Water injection makes new splash

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Boeing-led team revives concept that could extend engine life, reduce nitrous oxide emissions and cut costs

Boeing, NASA and Pratt & Whitney have begun a feasibility study into fitting a water injection system into new and existing Boeing 747-400s that could potentially reduce emissions and at the same time cut operating costs.

The Boeing-led study, which follows pioneering work recently completed with NASA and Rolls-Royce, revives the concept of injecting water into the combustor or compressor of the jet engine for take-off.

Unlike the earliest use of this principle, which was developed to boost the take-off power of first- generation turbojets, the proposed water injection system will be used to dramatically extend the life of engines as well as to reduce emissions of nitrous oxides (NOx) in the immediate area around the airport.

In the original study with R-R, results indicated that aircraft- related operating cost savings of between 1% and 2% can be expected for a large twin such as a 777. Findings showed that "any aircraft costs and inconveniences associated with water injection are anticipated to be more than offset by engine maintenance savings", and indicated that injection into the combustor might reduce NOx emissions by as much as 90%.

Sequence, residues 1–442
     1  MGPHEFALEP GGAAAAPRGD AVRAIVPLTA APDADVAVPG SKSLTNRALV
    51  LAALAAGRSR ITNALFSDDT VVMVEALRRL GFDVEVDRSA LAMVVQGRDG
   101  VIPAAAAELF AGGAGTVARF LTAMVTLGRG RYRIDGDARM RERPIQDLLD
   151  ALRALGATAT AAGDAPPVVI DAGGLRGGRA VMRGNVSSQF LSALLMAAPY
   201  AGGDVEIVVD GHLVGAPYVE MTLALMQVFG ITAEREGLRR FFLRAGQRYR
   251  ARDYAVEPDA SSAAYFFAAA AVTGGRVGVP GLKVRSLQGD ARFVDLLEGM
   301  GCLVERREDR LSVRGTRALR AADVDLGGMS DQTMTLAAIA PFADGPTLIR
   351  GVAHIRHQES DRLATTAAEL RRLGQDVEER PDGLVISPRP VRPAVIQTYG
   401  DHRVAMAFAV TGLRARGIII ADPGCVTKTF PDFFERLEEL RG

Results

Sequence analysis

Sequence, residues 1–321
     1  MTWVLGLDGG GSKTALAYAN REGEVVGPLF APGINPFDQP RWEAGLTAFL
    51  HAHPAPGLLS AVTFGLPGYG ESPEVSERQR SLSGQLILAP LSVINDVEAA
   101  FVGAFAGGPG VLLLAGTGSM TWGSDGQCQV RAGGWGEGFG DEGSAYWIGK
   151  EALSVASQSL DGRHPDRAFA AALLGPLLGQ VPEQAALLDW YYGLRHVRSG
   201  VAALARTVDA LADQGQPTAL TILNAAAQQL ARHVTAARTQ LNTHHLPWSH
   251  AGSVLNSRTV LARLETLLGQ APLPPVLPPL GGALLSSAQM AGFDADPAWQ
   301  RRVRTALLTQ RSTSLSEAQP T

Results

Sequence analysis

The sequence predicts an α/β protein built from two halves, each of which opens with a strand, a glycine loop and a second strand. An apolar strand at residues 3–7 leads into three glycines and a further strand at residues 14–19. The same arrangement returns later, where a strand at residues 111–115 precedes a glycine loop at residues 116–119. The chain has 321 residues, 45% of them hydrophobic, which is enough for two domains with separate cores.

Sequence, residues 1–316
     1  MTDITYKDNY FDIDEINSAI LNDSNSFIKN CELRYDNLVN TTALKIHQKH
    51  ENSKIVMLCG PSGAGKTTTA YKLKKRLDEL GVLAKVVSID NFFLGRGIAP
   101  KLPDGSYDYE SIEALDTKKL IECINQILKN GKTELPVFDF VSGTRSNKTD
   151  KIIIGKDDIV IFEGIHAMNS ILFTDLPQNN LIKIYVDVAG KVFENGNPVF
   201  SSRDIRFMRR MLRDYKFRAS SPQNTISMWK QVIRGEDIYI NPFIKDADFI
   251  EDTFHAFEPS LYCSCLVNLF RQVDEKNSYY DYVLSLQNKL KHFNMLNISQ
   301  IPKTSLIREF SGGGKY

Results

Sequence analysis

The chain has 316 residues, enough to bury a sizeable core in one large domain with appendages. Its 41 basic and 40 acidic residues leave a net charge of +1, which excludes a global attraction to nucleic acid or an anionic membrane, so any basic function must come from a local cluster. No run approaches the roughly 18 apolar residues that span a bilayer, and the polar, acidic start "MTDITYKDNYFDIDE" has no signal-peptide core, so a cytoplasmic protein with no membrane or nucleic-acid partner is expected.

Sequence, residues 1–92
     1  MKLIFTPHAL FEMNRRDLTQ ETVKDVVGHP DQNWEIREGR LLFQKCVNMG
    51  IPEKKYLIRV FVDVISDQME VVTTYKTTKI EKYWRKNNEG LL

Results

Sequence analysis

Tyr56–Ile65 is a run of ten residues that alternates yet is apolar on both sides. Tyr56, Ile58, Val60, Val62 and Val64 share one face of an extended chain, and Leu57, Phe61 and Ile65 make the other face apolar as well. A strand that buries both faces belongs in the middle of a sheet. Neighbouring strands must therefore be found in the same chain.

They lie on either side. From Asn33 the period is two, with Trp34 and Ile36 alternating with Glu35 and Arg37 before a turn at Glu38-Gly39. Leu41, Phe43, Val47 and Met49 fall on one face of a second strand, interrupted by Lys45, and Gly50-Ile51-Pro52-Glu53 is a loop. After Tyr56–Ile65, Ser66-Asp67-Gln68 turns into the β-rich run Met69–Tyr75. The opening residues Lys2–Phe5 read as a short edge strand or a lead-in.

The study acknowledged that water injection, responsible for spectacularly smoky departures on early jets, may "generate more hydrocarbon and carbon dioxide emissions", but said evidence from current, ground-based water injected engines "suggests this may be a manageable issue for engines with higher overall pressure ratios".

The study looked at injecting water in two ways: a "misted" conditioned water into the low-pressure compressor ahead of the turbine inlet, or a direct injection into the combustor.

The first method reduced NOx levels by around 50%, but produced larger turbine inlet temperature reductions. "But when we looked at the potential risks it took more research and development, and with the combustor method we have the experience of the aero-derivative industrial engines, which have used it for 30 years," says Boeing product development energy and emissions technology leader Dave Daggett.

The study assumes the system does not change the overall performance of the aircraft, and is therefore a crew-selectable option for use only during take-off and part of the climb-out. The combustor water injection study suggests that up to 510 litres (135USgal) is required to achieve roughly a 50% NOx reduction during a climb to 3,000ft (900m).

The study also pointed to a marked life extension for turbine blades with the decrease in inlet temperature. Using a typical General Electric CF6 as a basis, the study said 36% of the turbine blade life is consumed during take-offs, and that a combustor injection system could possibly increase life by at least 50%.

The new study, expected to be completed in February 2005, will focus on the feasibility of the system for new-build and retrofit PW4062-powered 747-400s using previously unused potential water storage areas in the aircraft, including the wing roots.